I am beginning to think this discussion is similar to the Boot Logo
Let me explain this from a different point of view.
People on the kernel list have a good understanding of the Linux kernel,
and almost always a good level of technical knowledge.
So personally, I don't care what goes into /proc/cpuinfo, I don't care
if I get Bogomips ratings instead of MHz, I don't care if I get an
entire list of Intel-only bugs, and I don't even care if I get wrong CPU
stepping information on non-Intel CPUs.
I can live with those, and what I usually do is that I patch the kernel
to suit my needs and tastes. That's the big advantage of GNU/GPL
software. If you don't like it, fix it.
Also, I post my fixes to the kernel list, because I believe other people
have the same problems, and so perhaps by sharing information, we can
help each other.
However, I always feel a resistance to change. An example: 7 or 8 months
ago, I posted both my observation of a kernel oops and a patch that
worked around it. Until now, it had not made it to the kernel. And only
because I insisted until I got half-flamed by Linus, people took notice.
Why? Because I am saying that one small piece of code makes assumptions
that it can't make. This is a technical discussion, so we'll leave it
for another thread.
Now, the problem is that you guys think that most people understand
what's going on. Well, the truth is they don't.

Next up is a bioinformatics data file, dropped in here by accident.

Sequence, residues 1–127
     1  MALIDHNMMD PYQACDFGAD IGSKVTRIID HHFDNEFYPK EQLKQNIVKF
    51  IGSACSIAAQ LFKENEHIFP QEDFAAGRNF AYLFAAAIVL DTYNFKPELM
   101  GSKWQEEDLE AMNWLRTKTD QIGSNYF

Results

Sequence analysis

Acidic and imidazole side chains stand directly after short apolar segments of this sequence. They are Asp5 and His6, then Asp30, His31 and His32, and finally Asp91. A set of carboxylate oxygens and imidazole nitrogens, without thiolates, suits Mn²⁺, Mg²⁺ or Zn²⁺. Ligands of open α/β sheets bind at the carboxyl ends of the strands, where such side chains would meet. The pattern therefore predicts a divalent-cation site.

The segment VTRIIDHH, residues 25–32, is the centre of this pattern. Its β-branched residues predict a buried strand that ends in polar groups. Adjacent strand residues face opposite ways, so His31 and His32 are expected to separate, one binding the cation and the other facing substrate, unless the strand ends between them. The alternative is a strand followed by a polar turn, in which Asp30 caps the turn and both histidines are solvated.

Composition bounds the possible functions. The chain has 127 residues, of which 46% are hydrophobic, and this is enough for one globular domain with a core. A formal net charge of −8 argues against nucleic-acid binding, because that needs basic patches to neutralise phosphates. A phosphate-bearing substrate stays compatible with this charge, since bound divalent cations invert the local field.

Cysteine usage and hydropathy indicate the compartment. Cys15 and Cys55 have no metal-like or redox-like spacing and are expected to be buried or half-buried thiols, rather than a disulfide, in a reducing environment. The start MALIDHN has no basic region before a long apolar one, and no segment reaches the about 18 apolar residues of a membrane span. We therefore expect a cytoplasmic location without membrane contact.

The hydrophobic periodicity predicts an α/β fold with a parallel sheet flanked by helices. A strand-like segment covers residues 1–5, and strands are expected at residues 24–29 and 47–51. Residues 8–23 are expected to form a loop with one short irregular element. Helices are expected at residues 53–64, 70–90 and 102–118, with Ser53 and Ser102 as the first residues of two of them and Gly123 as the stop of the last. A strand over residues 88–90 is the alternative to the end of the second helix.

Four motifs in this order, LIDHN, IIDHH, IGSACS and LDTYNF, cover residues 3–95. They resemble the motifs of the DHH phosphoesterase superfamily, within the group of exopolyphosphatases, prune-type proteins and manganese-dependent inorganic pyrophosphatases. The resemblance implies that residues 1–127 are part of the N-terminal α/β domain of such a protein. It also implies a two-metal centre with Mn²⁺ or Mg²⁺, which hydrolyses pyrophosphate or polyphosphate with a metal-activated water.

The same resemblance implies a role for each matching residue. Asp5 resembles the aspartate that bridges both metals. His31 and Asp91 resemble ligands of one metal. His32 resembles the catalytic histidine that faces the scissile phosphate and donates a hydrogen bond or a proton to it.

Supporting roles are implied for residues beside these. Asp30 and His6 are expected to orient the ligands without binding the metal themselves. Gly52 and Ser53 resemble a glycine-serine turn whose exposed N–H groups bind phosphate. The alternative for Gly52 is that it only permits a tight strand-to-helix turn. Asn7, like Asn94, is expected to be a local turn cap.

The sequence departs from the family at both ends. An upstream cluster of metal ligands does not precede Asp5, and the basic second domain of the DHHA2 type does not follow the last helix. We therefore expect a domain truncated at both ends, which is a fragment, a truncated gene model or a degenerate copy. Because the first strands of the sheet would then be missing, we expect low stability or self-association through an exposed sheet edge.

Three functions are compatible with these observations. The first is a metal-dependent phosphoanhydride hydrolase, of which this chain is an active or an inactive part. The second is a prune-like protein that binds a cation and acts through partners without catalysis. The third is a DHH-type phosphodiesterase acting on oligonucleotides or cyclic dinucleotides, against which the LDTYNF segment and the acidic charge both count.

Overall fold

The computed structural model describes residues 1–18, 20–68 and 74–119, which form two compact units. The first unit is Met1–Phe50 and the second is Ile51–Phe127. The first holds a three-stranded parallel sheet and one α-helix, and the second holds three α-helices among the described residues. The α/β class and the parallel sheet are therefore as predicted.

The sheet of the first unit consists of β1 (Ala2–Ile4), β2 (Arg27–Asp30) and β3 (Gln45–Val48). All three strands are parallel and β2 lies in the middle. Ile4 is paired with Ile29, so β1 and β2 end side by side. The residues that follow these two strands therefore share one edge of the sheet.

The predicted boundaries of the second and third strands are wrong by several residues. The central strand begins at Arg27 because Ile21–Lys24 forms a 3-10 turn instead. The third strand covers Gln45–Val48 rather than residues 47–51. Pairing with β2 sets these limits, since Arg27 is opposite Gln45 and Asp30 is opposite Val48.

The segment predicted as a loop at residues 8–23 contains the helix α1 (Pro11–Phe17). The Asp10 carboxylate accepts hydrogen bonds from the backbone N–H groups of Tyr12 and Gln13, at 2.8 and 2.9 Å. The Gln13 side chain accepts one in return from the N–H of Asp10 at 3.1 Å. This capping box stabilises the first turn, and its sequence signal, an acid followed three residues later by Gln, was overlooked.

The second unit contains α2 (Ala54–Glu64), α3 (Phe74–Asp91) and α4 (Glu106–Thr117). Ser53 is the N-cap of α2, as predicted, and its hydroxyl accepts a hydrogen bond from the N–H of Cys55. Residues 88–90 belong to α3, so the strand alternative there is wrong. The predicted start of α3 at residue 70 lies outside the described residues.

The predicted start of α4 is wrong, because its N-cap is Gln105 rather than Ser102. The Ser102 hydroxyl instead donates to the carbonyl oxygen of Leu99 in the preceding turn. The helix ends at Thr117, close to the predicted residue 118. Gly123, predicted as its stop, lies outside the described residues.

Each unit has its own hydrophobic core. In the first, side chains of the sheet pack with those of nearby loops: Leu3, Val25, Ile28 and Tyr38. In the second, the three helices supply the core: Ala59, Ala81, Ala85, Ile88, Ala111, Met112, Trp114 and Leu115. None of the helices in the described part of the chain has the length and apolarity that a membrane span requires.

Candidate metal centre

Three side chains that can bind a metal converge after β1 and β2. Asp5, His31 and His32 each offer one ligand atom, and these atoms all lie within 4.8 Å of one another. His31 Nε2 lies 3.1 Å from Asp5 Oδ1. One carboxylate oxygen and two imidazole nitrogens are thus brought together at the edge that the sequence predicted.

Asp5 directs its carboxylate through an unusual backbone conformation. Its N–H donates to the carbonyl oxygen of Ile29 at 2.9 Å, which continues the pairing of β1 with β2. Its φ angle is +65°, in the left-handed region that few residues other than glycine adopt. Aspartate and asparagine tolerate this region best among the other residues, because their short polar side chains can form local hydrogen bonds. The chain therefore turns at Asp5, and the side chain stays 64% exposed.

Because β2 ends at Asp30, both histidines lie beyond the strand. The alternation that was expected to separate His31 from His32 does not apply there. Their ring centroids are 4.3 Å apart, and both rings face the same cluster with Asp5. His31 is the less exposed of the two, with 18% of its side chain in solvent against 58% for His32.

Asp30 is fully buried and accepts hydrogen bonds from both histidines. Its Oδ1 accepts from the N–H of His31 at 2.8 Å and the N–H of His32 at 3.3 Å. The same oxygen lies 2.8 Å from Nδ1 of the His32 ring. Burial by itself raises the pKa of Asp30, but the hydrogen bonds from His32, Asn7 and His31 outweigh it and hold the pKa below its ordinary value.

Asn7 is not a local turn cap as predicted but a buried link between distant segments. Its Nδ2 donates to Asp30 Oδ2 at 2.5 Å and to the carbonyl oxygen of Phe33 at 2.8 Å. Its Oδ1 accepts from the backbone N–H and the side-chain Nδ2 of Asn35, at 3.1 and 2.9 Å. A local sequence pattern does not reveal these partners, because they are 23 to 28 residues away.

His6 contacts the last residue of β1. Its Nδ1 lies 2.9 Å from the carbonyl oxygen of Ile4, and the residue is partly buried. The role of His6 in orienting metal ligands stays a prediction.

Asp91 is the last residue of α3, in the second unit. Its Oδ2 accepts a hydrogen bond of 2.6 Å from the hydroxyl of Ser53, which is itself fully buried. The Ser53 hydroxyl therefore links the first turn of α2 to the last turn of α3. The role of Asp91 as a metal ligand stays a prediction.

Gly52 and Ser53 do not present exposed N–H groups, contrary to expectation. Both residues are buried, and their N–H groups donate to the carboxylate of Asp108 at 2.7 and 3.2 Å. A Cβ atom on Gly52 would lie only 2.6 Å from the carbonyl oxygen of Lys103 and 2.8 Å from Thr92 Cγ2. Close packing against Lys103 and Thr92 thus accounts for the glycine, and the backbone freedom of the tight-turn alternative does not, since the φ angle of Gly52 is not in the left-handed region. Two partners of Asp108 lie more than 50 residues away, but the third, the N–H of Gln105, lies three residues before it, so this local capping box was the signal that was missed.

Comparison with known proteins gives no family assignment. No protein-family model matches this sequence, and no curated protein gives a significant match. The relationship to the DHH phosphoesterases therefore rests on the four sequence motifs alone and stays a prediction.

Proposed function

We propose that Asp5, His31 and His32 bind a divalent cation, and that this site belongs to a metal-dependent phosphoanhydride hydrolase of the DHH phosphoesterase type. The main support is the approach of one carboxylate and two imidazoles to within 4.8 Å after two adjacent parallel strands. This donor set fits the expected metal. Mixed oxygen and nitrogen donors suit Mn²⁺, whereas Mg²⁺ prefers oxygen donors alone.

When the average Linux user sees a Bogomips line in /proc/cpuinfo, he
doesn't understand what this thing means. If it said MHz, OK.
Same goes for all the bug related lines, some of which are so old that
they only apply to 386 CPUs (and people who are still using 386s don't
parse /proc/cpuinfo, believe me).
I believe in making Linux simpler to use and more user-friendly. I also
think that assuming blindly that every x86 CPU is made by Intel, and
that whatever differs from Intel must automatically be called a "bug",
without even looking into it, is a shortsighted and biased attitude.
Summarizing: I'll continue posting my occasional patches, comments and
such, and I hope you guys notice that people want a simpler kernel, with
perhaps less features and less performance, but certainly more
stability, less undocumented code and a more user-friendly look.
Now I step down from my soap box and go to sleep.
Cheers to all,
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